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Acta Trop. 2018 Nov;187:257-263. doi: 10.1016/j.actatropica.2018.08.018. Epub 2018 Aug 15.

Widespread occurrence of Cryptosporidium infections in patients with HIV/AIDS: Epidemiology, clinical feature, diagnosis, and therapy.

Author information

1
College of Animal Science and Veterinary Medicine, Henan Agricultural University, Zhengzhou 450046, PR China; International Joint Research Laboratory for Zoonotic Diseases of Henan, Zhengzhou 450046, PR China. Electronic address: wrj-1978@163.com.
2
College of Animal Science and Veterinary Medicine, Henan Agricultural University, Zhengzhou 450046, PR China; International Joint Research Laboratory for Zoonotic Diseases of Henan, Zhengzhou 450046, PR China. Electronic address: 504645730@qq.com.
3
College of Animal Science and Veterinary Medicine, Henan Agricultural University, Zhengzhou 450046, PR China; International Joint Research Laboratory for Zoonotic Diseases of Henan, Zhengzhou 450046, PR China. Electronic address: 2546070427@qq.com.
4
College of Animal Science and Veterinary Medicine, Henan Agricultural University, Zhengzhou 450046, PR China; International Joint Research Laboratory for Zoonotic Diseases of Henan, Zhengzhou 450046, PR China. Electronic address: zhanglx8999@henau.edu.cn.
5
Key Laboratory of Zoonosis of Ministry of Agriculture, College of Veterinary Medicine, South China Agricultural University, Guangzhou, 510642, PR China. Electronic address: Lxiao1961@gmail.com.

Abstract

Cryptosporidium infection is a serious threat for HIV/AIDS patients, causing severe diarrhea and even death. The overall prevalence of Cryptosporidium in HIV/AIDS patients was calculated as approximately 8.69% (7,799/89,724), with higher prevalence observed in individuals with diarrhea, individuals with low CD4+ T-lymphocyte counts, and antiretroviral therapy-naïve individuals. Cryptosporidium infection was not significantly associated with patient age or gender, national development levels, or continent of residence. Over the period from 2007 to 2017, Cryptosporidium prevalence was 10.09% (3,282/32,517); this figure was higher than that observed in each of the previous observation periods (1985-1995 and 1996-2006), suggesting that the prevalence of cryptosporidiosis has been increasing over time in HIV/AIDS patients. Ten Cryptosporidium species and genotypes have been identified from 1,252 isolates, with C. hominis, C. parvum, and C. meleagridis accounting for 93.53% of infections. Five subtypes each of C. hominis (Ia, Ib, Id, Ie, and If), C. parvum (IIa to IIe), and C. meleagridis (IIIa to IIIe) have been described by sequence analyses of the 60-kDa glycoprotein (gp60) gene. Variation in the clinical manifestations observed in HIV/AIDS patients might be attributed to infection by different Cryptosporidium species, genotypes and subtypes, as well as different sites of infection. New molecular and immunological diagnostic techniques are in development or already commercially available. High-throughput screening methods for development of new or repurposed therapeutics as well as novel parasite genetic manipulation strategies offer hope for improving human cryptosporidiosis therapies. Painstaking efforts by researchers as well as support from governments and funding agencies will be required to make lasting achievements in this field.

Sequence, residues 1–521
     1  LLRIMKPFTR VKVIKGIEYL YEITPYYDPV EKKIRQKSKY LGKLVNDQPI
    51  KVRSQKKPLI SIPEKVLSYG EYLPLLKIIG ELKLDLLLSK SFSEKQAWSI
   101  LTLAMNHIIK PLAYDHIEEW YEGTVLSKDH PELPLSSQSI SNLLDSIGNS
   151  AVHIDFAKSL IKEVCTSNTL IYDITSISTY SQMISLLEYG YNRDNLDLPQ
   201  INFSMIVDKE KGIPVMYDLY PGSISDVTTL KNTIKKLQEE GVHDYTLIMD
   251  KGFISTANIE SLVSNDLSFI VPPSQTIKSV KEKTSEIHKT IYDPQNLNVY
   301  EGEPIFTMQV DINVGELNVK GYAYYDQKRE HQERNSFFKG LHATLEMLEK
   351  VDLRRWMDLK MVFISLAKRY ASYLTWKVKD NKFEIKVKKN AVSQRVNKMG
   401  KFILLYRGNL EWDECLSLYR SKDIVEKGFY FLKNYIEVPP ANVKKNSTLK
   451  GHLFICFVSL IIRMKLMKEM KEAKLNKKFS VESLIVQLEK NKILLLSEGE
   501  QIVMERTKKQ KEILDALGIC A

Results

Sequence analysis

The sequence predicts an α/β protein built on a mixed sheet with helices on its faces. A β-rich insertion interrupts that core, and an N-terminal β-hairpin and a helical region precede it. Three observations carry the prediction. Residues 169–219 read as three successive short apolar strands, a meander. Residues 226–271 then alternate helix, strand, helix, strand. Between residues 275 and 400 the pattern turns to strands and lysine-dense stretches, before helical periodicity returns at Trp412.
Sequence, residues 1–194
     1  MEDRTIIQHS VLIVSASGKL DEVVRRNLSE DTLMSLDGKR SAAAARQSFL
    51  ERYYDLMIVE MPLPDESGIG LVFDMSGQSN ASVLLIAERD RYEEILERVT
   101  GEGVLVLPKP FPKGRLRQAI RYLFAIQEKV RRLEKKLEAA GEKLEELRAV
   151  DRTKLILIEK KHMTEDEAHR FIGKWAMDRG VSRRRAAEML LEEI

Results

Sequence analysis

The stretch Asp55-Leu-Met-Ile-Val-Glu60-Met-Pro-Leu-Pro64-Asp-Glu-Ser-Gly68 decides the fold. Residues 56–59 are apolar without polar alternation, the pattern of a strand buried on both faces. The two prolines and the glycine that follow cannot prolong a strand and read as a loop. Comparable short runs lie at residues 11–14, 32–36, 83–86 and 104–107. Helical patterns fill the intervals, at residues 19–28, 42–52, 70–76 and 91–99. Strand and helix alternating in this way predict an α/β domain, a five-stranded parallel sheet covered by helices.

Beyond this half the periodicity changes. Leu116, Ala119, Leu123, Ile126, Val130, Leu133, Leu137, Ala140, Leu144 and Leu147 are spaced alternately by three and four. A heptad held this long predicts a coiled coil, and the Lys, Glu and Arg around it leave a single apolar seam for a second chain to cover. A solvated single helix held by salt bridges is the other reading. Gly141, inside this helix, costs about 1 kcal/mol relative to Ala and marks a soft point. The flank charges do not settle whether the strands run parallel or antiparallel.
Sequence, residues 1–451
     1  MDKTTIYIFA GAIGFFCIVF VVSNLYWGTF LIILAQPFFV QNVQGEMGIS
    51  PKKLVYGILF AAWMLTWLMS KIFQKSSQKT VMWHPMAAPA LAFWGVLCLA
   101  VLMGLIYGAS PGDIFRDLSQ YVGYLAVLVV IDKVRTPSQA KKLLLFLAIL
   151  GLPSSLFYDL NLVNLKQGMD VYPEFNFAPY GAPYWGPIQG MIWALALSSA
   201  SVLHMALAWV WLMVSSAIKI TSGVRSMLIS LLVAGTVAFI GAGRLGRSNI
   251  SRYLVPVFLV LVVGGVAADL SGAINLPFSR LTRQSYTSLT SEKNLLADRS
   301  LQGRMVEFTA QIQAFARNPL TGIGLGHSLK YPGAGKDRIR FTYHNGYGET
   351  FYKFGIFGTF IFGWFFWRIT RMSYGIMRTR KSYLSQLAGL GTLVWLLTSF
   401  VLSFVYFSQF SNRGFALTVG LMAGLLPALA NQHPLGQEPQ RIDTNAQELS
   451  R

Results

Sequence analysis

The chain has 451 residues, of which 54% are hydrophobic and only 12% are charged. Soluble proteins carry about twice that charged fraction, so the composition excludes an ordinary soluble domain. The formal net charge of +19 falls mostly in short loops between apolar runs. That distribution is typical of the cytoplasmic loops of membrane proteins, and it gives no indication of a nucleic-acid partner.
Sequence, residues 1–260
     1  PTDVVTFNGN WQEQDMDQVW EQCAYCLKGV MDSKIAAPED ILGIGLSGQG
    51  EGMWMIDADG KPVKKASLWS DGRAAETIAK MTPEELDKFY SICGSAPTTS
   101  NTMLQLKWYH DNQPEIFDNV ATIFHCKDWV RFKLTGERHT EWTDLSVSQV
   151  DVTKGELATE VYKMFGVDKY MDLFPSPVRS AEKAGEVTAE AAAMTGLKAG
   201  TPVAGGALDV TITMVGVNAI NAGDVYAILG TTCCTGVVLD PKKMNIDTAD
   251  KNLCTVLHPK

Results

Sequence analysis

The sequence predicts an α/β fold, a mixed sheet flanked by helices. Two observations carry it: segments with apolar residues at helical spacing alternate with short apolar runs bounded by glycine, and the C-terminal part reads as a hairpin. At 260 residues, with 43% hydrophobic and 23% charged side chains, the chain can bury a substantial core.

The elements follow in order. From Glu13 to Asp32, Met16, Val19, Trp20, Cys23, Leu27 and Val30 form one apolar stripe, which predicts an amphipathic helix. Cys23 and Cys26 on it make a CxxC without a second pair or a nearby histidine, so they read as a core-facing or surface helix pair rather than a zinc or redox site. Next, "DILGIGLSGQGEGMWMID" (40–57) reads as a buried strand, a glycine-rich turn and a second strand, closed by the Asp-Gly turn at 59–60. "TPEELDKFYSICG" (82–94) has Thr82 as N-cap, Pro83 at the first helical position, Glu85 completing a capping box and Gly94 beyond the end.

KEYWORDS:

Cryptosporidium; Diagnosis; Epidemiology; HIV/AIDS; Therapy

[Indexed for MEDLINE]

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